Choose candidates give fellow Kitsap attorneys their pitch

Judge candidates give fellow Kitsap attorneys their pitch


Although the two attorneys vying for a controversial judge's position have no direct experience covering the diverse cases heard in the Kitsap County Supreme Court, in a forum on Friday they highlighted features that will help them meet the challenge master.

Lynn Fleischbein and Tina Robinson are running for the seat of Judge Jeannette Dalton, who after 12 years has chosen not to run for re-election in the court that hears cases ranging from drug possession and murder to divorce and custody.

Fleischbein, a 20-year-old prosecutor who most recently focused on family law, admitted she has never participated in a trial – a key aspect of criminal law – but said her work ethic and preparation would help her quick to learn.

A hammer (Photo: Kitsap County)

"If we're all honest there are a lot of things that any of us have never done before," she said. "That's about being a lawyer and being ready to take the next test, whether you know how to do it or not, and only then stop when you're done."

Robinson, who was admitted to the bar in 2006, served a term as district attorney as a Republican from 2014 to 2018 but did not run for re-election. Before that she worked as a criminal defense attorney. Judges' races are impartial.

Robinson highlighted her judging experience and compassion as a trait that would put her on the bank. Leading the prosecution, which has a civil division and acts as an attorney for district officials, gave her a critical look at other areas of the law, she said.

Tina Robinson (Photo: Contributed)

"I haven't handled cases personally, I won't acknowledge it, but I've been very committed," Robinson told her colleagues, saying she was regularly briefed on cases, met with clients, made decisions and exercised discretion.

Although their legal experience spanned different parts of the Supreme Court, both reported having significant experience in roles similar to judges.

Fleischbein served in a limited capacity as interim judge at the Supreme Court as well as in other court-like functions.

Much of her practice has been before a family court where people are often not represented by a lawyer. This gives her insight into how to deal with people trying to figure out the legal system on their own.

"As a judge, it is my job to make sure that people are aware of the resources," said Fleischbein. "I can't guide them, but I can bring them to their attention and make sure they are heard fairly in my courtroom."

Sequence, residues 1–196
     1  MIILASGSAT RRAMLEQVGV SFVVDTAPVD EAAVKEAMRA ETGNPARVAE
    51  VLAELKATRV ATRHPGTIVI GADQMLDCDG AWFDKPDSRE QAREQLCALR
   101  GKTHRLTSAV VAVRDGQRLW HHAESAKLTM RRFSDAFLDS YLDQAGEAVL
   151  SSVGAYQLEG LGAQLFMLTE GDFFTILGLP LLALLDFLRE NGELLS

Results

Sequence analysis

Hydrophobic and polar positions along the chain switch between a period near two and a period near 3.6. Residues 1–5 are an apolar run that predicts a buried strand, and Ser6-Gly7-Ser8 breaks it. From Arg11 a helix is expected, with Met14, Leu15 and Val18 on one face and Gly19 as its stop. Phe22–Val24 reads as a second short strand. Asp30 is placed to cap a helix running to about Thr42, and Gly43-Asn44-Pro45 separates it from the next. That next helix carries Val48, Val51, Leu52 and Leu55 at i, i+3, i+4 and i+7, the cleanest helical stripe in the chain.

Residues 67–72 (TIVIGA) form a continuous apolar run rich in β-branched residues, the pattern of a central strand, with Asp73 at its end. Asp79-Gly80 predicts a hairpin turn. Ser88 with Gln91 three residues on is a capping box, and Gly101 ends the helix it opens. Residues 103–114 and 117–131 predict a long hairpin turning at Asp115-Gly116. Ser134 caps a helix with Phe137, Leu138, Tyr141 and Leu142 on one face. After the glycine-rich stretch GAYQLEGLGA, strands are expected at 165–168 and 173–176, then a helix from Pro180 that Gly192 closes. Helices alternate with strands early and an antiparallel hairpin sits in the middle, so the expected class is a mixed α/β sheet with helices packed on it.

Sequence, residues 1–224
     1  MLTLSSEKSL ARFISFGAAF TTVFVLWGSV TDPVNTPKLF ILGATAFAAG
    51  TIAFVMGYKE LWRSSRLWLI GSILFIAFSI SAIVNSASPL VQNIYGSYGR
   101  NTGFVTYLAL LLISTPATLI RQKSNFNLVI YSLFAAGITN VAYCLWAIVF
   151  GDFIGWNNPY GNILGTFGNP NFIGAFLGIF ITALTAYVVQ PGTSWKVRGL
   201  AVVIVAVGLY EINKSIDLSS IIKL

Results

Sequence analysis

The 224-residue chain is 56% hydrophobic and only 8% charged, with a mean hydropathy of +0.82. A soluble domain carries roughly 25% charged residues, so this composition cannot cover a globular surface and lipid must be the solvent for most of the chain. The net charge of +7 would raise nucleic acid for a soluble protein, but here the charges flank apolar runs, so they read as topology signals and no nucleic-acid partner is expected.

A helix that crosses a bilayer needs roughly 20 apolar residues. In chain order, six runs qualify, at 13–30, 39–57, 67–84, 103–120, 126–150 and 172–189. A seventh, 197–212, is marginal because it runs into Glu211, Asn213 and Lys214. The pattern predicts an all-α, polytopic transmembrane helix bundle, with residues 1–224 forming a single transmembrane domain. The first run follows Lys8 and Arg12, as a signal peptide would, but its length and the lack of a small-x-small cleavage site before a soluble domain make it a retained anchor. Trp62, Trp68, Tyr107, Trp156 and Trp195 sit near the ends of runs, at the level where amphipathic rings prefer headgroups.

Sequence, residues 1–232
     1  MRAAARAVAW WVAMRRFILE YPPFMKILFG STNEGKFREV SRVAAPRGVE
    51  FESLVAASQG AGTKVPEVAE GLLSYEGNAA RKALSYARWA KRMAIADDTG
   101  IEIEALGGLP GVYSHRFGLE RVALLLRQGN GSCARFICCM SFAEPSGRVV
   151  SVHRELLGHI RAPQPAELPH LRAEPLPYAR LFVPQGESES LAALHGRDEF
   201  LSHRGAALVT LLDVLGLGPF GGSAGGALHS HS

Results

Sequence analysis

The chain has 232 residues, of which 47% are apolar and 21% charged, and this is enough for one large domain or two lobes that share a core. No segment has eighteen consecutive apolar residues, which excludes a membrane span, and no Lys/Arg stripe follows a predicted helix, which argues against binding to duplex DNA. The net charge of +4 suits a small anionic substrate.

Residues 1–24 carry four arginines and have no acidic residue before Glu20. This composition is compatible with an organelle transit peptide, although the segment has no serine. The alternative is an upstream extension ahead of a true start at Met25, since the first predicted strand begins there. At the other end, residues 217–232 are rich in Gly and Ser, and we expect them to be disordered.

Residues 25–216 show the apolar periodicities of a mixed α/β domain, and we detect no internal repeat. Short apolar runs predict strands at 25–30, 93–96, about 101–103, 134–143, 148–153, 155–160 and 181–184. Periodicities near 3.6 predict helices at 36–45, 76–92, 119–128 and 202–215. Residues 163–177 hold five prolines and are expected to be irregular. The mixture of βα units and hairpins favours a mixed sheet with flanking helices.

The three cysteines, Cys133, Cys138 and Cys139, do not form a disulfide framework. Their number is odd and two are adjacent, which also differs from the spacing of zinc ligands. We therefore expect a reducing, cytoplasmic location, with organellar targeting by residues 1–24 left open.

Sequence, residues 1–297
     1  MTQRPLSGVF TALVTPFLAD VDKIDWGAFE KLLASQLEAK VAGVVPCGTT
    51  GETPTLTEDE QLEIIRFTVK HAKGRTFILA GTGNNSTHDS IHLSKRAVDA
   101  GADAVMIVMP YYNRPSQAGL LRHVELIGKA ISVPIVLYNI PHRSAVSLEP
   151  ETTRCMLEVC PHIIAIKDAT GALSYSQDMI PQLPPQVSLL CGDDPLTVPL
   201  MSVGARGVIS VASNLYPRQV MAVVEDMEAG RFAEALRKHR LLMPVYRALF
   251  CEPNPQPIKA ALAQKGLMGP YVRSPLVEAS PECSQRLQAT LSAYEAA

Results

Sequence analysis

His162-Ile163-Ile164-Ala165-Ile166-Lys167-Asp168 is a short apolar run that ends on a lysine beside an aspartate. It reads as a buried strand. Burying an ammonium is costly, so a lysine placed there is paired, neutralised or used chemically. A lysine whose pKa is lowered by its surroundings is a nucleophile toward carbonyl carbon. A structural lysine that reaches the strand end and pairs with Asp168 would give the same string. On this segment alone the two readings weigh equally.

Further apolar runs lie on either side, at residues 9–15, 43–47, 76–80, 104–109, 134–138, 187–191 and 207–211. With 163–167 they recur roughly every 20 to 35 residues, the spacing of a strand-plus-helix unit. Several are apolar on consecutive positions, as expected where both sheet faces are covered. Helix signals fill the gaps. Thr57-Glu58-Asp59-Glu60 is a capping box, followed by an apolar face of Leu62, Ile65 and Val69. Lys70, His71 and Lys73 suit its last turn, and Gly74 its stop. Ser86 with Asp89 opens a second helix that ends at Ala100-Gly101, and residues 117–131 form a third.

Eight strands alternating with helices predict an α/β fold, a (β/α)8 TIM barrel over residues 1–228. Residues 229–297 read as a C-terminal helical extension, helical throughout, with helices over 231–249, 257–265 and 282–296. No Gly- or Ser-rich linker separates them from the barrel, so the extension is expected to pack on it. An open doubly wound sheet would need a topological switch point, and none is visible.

Lynn Fleischbein (Photo: Contributed)

As a prosecutor, Robinson made decisions about executions and other cases that required her to determine whether there was enough evidence to file a charge. A process that she described as quasi-judicial.

"I was the one who made the final decision," she said.

Especially during court hearings, judges are encouraged to make quick decisions. Fleischbein said she was ready, citing her work as a board member for local nonprofits. Robinson said she would make decisions in a timely manner, but in some cases it would take time to consider the issue.

"I'm the guy who likes to handle everything," said Robinson.

No sharp differences were expressed and the two agreed at times, emphasizing preparation and making sure those in front of them felt heard. Robinson said they both qualified.

They also both endorsed a statement by the Supreme Court during the national upheaval following the death of George Floyd recognizing how racism was woven through the government's judiciary and calling for lawyers to act.

"We need to recognize that systemic racial injustice against black Americans is not a pervasive specter that will inevitably continue," the judges wrote. "It's the collective product of every one of our individual actions – every action, every day."

After the forum, held remotely through a web application, the bar association distributed ballots to members to vote on their preference for the occupation of the seat. The results of the survey are expected to be published this week.

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